» 01/16/2013, 00.00
Church defends freedom of conscience against the "dictatorship of relativism," Mgr Mamberti says
Speaking about recent rulings by the European Court of Human Rights, the secretary for Relations with States said that states that ban individuals and institutions from exercising conscientious objection in the name of freedom and pluralism could open the door to intolerance and forced uniformity. He also talks about state-Church relations.
Vatican City (AsiaNews) - "The Church seeks to defend individual
freedoms of conscience and religion in all circumstances, even in the face of
the 'dictatorship of relativism'," which tends to impose a "new social norm"
and "undermine the foundations of individual freedom of conscience and religion,"
this according to Mgr Dominique Mamberti, Secretary for Relations with States, who
spoke about recent rulings by the European Court of Human Rights in four cases
involving freedom of conscience and religion in the United Kingdom, which by
their very nature transcend national boundaries.
In an interview with Vatican Radio,
Mgr Mamberti discussed two cases involving the right of two workers to wear a
cross around the neck in their workplace and the right of two other employees not
to perform civil unions or provide counselling to gay couples.
"These cases show that questions relating to freedom of conscience and
religion are complex, in particular in European society marked by the increase
of religious diversity and the corresponding hardening of secularism. There is
a real risk that moral relativism, which imposes itself as a new social norm,
will come to undermine the foundations of individual freedom of conscience and
religion. The Church seeks to defend individual freedoms of conscience and
religion in all circumstances, even in the face of the "dictatorship of
relativism". To this end, the rationality of the human conscience in
general and of the moral action of Christians in particular requires
explanation. Regarding morally controversial subjects, such as abortion or
homosexuality, freedom of consciences must be respected. Rather than being an
obstacle to the establishment of a tolerant society in its pluralism, respect
for freedom of conscience and religion is a condition for it. Addressing the
Diplomatic Corps accredited to the Holy See last week Pope Benedict XVI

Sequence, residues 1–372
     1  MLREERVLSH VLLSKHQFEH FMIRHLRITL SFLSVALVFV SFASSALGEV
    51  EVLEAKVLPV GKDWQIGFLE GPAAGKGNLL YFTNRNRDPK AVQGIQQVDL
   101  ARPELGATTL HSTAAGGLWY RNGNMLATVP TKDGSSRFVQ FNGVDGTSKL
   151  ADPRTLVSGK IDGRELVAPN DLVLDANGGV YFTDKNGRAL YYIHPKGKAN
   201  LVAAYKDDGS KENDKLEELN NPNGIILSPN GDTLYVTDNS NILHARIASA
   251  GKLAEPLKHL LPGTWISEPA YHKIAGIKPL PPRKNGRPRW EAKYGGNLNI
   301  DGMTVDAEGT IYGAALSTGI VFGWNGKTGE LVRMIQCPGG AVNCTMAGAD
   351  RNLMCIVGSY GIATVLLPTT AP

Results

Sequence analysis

stressed that: "In order effectively to safeguard the exercise of
religious liberty it is essential to respect the right of conscientious
objection. This "frontier" of liberty touches upon principles of
great importance of an ethical and religious character, rooted in the very
dignity of the human person. They are, as it were, the "bearing walls"
of any society that wishes to be truly free and democratic. Thus, outlawing
individual and institutional conscientious objection in the name of liberty and
pluralism paradoxically opens by contrast the door to intolerance and forced
"The erosion of freedom of conscience also witnesses to a form of
pessimism with regard to the capacity of the human conscience to recognize the
good and the true, to the advantage of positive law alone, which tends to
monopolize the determination of morality. It is also the Church's role to
remind people that every person, no matter what his beliefs, has, by means of
his conscience, the natural capacity to distinguish good from evil and that he
should act accordingly. Therein lies the source of his true freedom."
At present, the European Court is also examing two other cases that
involve state-Church relations. Speaking about them, Mgr Mamberti said, "The
Church has always had to defend herself in order to preserve her autonomy with
regard to the civil power and ideologies. Today, an important issue in Western
countries is to determine how the dominant culture, strongly marked by
materialist individualism and relativism, can understand and respect the nature
of the Church, which is a community founded on faith and reason."
"The Church is aware of the difficulty of determining the relations
between the civil authorities and the different religious communities in a
pluralist society with regard to the requirements of social cohesion and the
common good. In this context, the Holy See draws attention to the necessity of
maintaining religious freedom in its collective and social dimension. This dimension
corresponds to the essentially social nature both of the person and of the
religious fact in general. The Church does not ask that religious communities
be lawless zones but that they be recognized as spaces for freedom,
by virtue of the right to religious freedom, while respecting just public
order. This teaching is not reserved to the Catholic Church; the criteria
derived from it are founded in justice and are therefore of general
"Furthermore, the juridical principle of the institutional autonomy of
religious communities is widely recognized by States which respect religious
freedom, as well as by international law. The European Court of Human Rights
itself has regularly stated this principle in several important judgments.
Other institutions have also affirmed this principle. This is notably the case
with the OSCE (Organization for Security and Cooperation in Europe) and also
with the United Nations Committee for Human Rights in, respectively, the Final
Document of the Vienna Conference of 19 January 1989 and General
Observation No. 22 on the Right to Freedom of Thought, Conscience and Religion
of 30 July 1993. It is nevertheless useful to recall and defend this principle
of the autonomy of the Church and the civil power."
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